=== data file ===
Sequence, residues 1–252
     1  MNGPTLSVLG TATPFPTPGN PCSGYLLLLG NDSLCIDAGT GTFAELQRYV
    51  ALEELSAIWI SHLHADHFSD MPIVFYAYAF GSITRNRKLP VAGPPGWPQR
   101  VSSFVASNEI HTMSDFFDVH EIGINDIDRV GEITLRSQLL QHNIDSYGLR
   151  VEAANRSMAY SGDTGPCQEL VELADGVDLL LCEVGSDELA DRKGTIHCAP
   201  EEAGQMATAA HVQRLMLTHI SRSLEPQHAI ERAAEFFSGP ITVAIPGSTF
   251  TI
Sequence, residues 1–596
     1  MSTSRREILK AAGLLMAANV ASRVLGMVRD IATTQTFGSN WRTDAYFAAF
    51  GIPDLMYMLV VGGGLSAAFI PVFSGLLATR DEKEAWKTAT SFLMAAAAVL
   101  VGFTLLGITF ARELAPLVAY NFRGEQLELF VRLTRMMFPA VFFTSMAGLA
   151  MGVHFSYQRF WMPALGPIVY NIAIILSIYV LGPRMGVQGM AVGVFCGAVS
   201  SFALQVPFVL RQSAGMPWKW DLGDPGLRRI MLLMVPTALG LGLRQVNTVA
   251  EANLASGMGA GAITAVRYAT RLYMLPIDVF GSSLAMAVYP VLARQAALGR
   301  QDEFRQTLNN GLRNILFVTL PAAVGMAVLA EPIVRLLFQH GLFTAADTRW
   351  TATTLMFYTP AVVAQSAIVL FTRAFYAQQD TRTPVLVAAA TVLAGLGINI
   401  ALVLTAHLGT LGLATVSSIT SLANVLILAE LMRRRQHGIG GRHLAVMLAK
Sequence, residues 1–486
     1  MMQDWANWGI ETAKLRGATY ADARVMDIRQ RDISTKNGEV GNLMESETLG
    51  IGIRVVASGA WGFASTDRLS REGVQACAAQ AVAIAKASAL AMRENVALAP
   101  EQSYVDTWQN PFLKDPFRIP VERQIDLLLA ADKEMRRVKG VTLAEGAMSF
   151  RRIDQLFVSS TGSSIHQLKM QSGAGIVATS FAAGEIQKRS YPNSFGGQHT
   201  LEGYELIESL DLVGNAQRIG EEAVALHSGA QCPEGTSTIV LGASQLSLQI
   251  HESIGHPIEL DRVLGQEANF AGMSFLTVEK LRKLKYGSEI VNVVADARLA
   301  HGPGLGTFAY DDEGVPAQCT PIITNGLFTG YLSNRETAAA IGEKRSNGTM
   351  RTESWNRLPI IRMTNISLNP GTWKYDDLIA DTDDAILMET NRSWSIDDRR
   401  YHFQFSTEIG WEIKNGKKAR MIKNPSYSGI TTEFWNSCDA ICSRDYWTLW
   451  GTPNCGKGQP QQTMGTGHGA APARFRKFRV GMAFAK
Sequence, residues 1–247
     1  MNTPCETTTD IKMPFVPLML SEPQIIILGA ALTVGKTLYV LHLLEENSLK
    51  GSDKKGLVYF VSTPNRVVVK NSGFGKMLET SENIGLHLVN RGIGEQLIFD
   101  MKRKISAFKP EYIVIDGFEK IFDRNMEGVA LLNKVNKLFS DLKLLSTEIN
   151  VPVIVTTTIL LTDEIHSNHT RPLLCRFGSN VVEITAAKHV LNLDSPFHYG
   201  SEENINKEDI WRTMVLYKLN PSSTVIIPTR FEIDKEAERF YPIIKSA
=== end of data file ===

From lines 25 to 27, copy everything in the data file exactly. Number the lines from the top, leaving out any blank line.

   301  HGPGLGTFAY DDEGVPAQCT PIITNGLFTG YLSNRETAAA IGEKRSNGTM
   351  RTESWNRLPI IRMTNISLNP GTWKYDDLIA DTDDAILMET NRSWSIDDRR
   401  YHFQFSTEIG WEIKNGKKAR MIKNPSYSGI TTEFWNSCDA ICSRDYWTLW